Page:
What is Dancing Etiquette?
• Though it can be done informally, there is a strain of formality running all through modern Scottish Country Dance. The extent to which etiquette is observed varies from group to group and also depends on context (it is more relaxed in a class than at a party, and very closely observed at a formal ball).
• Dancers of either gender may ask their partner to dance. It is expected that if you arrived with a partner you will dance the first dance with them, and one other on the program (either the last dance or one favourite), and dance with others for the rest of the evening.
• It is considered bad manners to start forming up sets for the next dance before it has been announced. Wait until either it is announced or the band has played the first few bars of the tune. Do not walk through a set of dancers – walk around instead.
• When forming sets on the dance floor, join the set at the bottom– don’t try to crowd in “wherever”. When the sets have been counted off do not try to change your position in the set, say from first couple to fourth couple, as this is very confusing to your fellow dancers and also to the MC.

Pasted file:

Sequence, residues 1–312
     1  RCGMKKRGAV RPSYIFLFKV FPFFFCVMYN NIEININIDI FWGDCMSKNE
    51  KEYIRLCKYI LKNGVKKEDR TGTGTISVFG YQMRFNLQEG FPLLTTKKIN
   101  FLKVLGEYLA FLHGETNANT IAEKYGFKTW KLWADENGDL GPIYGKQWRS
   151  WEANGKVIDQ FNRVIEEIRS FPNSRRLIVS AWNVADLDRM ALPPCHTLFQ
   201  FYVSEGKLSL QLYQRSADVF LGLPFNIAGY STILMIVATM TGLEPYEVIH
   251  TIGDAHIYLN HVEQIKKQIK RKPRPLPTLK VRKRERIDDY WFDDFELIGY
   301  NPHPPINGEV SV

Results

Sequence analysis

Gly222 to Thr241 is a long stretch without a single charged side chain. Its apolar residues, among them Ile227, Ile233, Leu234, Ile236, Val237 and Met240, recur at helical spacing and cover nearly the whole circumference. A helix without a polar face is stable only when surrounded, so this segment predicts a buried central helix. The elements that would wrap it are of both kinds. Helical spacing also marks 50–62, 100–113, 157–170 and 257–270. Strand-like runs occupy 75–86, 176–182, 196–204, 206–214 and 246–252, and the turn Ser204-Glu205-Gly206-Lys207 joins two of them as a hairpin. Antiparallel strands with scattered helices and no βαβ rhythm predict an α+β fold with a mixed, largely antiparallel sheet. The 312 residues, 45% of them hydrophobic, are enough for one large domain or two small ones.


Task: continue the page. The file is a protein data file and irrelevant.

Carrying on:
• The first man in each line of dancers should do the counting – count down the line telling each couple clearly what position they are in their set. If your partner is late coming into the line, stand on the men’s side of the set during the count. This ensures that one line holds the right number of people.
• When the MC is briefing the dance, do not talk to others or try to re-explain it to others in your set. This makes it very difficult for others to hear the MC and get the full benefit of the briefing. This is especially critical if a walk-through has been allowed.
• Each dance will begin and end with the musicians playing a chord, which is used to acknowledge one’s partner: gentlemen give a shallow bow, ladies a shallow curtsy.
• It can be fun to embellish the dance if you are confident with your dancing and with the dance. Remember you can put other dancers off by doing this. Be particularly courteous to beginners – they find the whole thing confusing enough anyway without you going out of your way to complicate matters.
• When the dance finishes, thank your partner and your set. The dancer who did the asking then escorts their partner off the floor.